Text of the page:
Meaning of pistol in English:

pistol

noun

  • 1A small firearm designed to be held in one hand.

    • ‘Williams was carrying a loaded air pistol in his pocket.’
    • ‘The business man agreed as he pulled out a laser pistol from his back holster.’
    • ‘Aruna pulled out a small pistol from a shoulder holster.’
    • ‘Miss Dando's killer used a 9mm semi-automatic pistol.’
    • ‘He was then apparently detained by palace staff but drew a 9mm pistol and shot himself in the head.’
    • ‘Historically, the Walther PP was the first commercially successful double-action semiautomatic pistol.’
    • ‘Jay stood back up and pulled out his small emergency laser pistol.’
    • ‘Caine drew his pistol from its holster and leveled its muzzle at the approaching Carey.’
    • ‘There's nowhere to run… but there's a .40 caliber pistol in your hand.’
    • ‘He quickly opened the door to his apartment and ran into it with his .45 caliber pistol in hand.’
    • ‘Taking direct fire, and outnumbered, he pressed forward, firing his M9 pistol at enemy forces.’
    • ‘In his hand he carried a pistol which was pointed at Carter.’
    • ‘In addition, most Rangers had one or more single-shot flintlock pistols of varied design and manufacture.’
    • ‘A figure in the shadows behind a dumpster aimed a Swiss automatic pistol.’
    • ‘She aimed the loaded pistol at the officer who looked up with a startled expression.’
    • ‘My grandmother carried a loaded pistol in her purse.’
    • ‘The glint of the silenced pistol was seen as Timothy drew out the weapon.’
    • ‘Only that and the dull metallic sheen of the flintlock pistol clutched firmly in his hand.’
    • ‘Each vehicle should be assigned an M9 pistol.’
    • ‘Each man had a pistol on his right hip and a shotgun of his back.’
    revolver, gun, handgun, side arm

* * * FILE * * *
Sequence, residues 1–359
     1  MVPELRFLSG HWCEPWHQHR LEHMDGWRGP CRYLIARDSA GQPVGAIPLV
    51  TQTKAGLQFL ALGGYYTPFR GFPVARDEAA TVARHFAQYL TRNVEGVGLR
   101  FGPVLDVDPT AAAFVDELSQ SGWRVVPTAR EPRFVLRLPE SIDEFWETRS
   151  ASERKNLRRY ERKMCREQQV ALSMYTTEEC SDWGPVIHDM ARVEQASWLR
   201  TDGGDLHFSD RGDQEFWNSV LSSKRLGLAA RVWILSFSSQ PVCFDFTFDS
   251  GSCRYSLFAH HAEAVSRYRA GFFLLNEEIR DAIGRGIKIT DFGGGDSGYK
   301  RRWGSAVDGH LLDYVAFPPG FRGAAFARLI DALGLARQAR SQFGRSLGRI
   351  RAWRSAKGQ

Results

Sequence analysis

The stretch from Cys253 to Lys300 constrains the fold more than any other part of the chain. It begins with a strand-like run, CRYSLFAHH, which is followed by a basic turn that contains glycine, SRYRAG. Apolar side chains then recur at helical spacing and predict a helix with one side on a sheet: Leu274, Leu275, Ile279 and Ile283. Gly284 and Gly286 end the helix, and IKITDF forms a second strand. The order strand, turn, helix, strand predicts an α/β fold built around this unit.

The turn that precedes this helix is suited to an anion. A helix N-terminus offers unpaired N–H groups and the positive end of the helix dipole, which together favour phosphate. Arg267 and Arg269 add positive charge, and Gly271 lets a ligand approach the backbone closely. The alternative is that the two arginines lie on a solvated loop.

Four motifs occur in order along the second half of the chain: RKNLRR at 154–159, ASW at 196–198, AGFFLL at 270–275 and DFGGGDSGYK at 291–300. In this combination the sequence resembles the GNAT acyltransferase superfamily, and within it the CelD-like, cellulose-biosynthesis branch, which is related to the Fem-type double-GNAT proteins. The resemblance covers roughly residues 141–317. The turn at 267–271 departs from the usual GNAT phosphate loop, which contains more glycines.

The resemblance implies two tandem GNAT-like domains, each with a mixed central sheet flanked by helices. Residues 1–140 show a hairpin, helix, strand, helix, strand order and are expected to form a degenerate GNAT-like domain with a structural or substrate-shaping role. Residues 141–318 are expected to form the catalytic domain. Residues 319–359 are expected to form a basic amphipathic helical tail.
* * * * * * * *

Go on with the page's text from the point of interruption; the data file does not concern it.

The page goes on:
View synonyms
  • 2US informal A very energetic or enterprising person.

    ‘when we first met, he was a pistol, full of ideals and a natural leader’
    • ‘Matilda, who early on threatens to be a real pistol of a character, becomes the stereotypical, eccentric spinster auntie who teaches her charges useful life lessons in between subjecting them to her annoying habits and quirky behavior.’
    • ‘I knew the last surviving daughter as well and she was a pistol, married eight times, a former flapper from the Twenties.’
    • ‘She'd scale short walls. Anything to get out of that place. Not because it was so terrible. But, because she could. She was a pistol.’
    • ‘"He drove his clients crazy but they loved him to death," says his younger brother, Andrew. "He was a pistol."’
    • ‘"She never backed down," Corio said. "She was a pistol."’
    • ‘My daughter Maria is 8 years old and she's a pistol.’
    • ‘That 94-year-old grandmother is the subject of the article, and apparently she's a pistol.’
    • ‘"Megan's a pistol, a real spitfire," says Cartwright, who, besides Bart, voices five other male dudes on the decade-old "Simpsons".’
    • ‘This gal is really a pistol...She wants everything.’

verbpistols, pistolling, pistolled; US pistoling, pistoled

[with object]dated
  • Shoot (someone) with a pistol.

    ‘In fact he pistolled the wounded Fraser at Culloden and the officers celebrated by splashing themselves in Highland blood.’

Origin

Mid 16th century from obsolete French pistole, from German Pistole, from Czech pišt'ala, of which the original meaning was ‘whistle’, hence ‘a firearm’ by the resemblance in shape.

Pronunciation

pistol

/ˈpɪst(ə)l/